2013 Book Report 14: Getting Things Done – David Allen.

One of my failings in life is that I don’t have a grand vision. It is one of the reasons that I really like my job. I don’t have a task master at my back, I get stuff done, but I do it in my own way.

But I am also very conscious that I could be more affective, more pro-active and get further. So hence my interest in this book.

Allen’s idea is pretty simple, and to a certain extent everyone who is busy does some of the things that he suggests already.

The big one is making lists. Rather than try and retain in your head the stuff that you want to get done, write it down in a safe place. The point of this is that you only have so much attention, so much brain power at your disposal, so you should make sure that you make the most of the power that you have by delegating those jobs that can best be done by other systems. Once you have your list you can work from it.

There is a great deal of consideration given to how you might prioritise various tasks. The prioritising can take many forms. Obviously, if there is a task that you have to do, but which you need to be elsewhere to do it, then it may be better to identify other tasks that require you to be at that location and then do several tasks in a single visit.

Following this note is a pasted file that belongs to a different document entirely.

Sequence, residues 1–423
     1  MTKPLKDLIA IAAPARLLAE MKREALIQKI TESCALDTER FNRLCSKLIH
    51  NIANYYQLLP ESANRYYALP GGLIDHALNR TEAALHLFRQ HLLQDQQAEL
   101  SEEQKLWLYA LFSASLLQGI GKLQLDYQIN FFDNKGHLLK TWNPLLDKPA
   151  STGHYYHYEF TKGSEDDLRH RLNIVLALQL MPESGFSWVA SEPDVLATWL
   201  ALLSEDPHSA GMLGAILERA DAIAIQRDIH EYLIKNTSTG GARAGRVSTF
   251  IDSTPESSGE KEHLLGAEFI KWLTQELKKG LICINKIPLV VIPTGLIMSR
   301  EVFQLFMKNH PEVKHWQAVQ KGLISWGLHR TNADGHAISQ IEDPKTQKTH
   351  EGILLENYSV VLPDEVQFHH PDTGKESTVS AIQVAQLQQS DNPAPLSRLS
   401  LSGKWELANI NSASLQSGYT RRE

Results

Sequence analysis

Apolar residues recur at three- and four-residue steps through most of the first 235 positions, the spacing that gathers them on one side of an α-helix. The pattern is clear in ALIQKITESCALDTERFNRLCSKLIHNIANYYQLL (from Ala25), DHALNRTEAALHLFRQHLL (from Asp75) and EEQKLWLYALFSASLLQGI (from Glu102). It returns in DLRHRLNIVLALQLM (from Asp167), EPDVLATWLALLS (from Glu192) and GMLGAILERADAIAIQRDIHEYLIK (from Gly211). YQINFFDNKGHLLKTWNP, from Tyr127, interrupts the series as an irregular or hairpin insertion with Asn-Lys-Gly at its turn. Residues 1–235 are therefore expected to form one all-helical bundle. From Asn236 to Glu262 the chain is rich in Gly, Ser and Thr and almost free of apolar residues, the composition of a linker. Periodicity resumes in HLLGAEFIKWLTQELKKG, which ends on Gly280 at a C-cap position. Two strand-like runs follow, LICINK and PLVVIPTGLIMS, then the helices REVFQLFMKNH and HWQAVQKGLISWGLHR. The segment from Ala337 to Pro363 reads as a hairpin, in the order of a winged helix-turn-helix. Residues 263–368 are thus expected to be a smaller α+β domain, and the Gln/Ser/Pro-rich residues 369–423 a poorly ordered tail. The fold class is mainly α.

There may be some tasks which can be considered ‘quick wins’ which will only take a handful of minutes to achieve, give yourself a boost, get them done and off your list etc.

The thing that really differentiates this approach is that it is intended to be useful for much bigger tasks as well as these day to day ones.

It asks you questions about the big things that you want to get achieved in your life. It offers the opportunity to think big, and then offers schemes to begin to make these things a possibility.

The approach that is proffered is to take the big projects and begin to break them down into smaller units. For each sub-unit consider how long it would take to achieve the job, and then, if appropriate, break it down into further smaller sections. The aim is to have a list of actions, none of which is so daunting, or so huge that you can’t see your way to getting it achieved.

Even as I write this entry, I feel enthused by the idea that this book presents. It makes the seemingly impossible feel like it is manageable. That is, I guess, the magic of a book like this. When it is well written it makes you feel like, with a little application you can turn your hand to being better at what you do. Maybe I will start implementing more of the actions in the future.

It is also worth adding that the reason I became interested in GTD as a philosophy is that there is quite a lot of functionality built into some Emacs plugins which support this behaviour. My interest is still intimately bound to being able to use Emacs as my GTD tool of choice.

Books like this aren’t really a ‘read once’ proposition. While the ideas are simple, applying them, getting the most out of them is a much longer prospect. But I know that this book inspires me in ways that I still don’t appreciate. This is especially interesting because I look forward to freeing up time to do fun stuff. The idea is to create a space for yourself. Sounds good to me.

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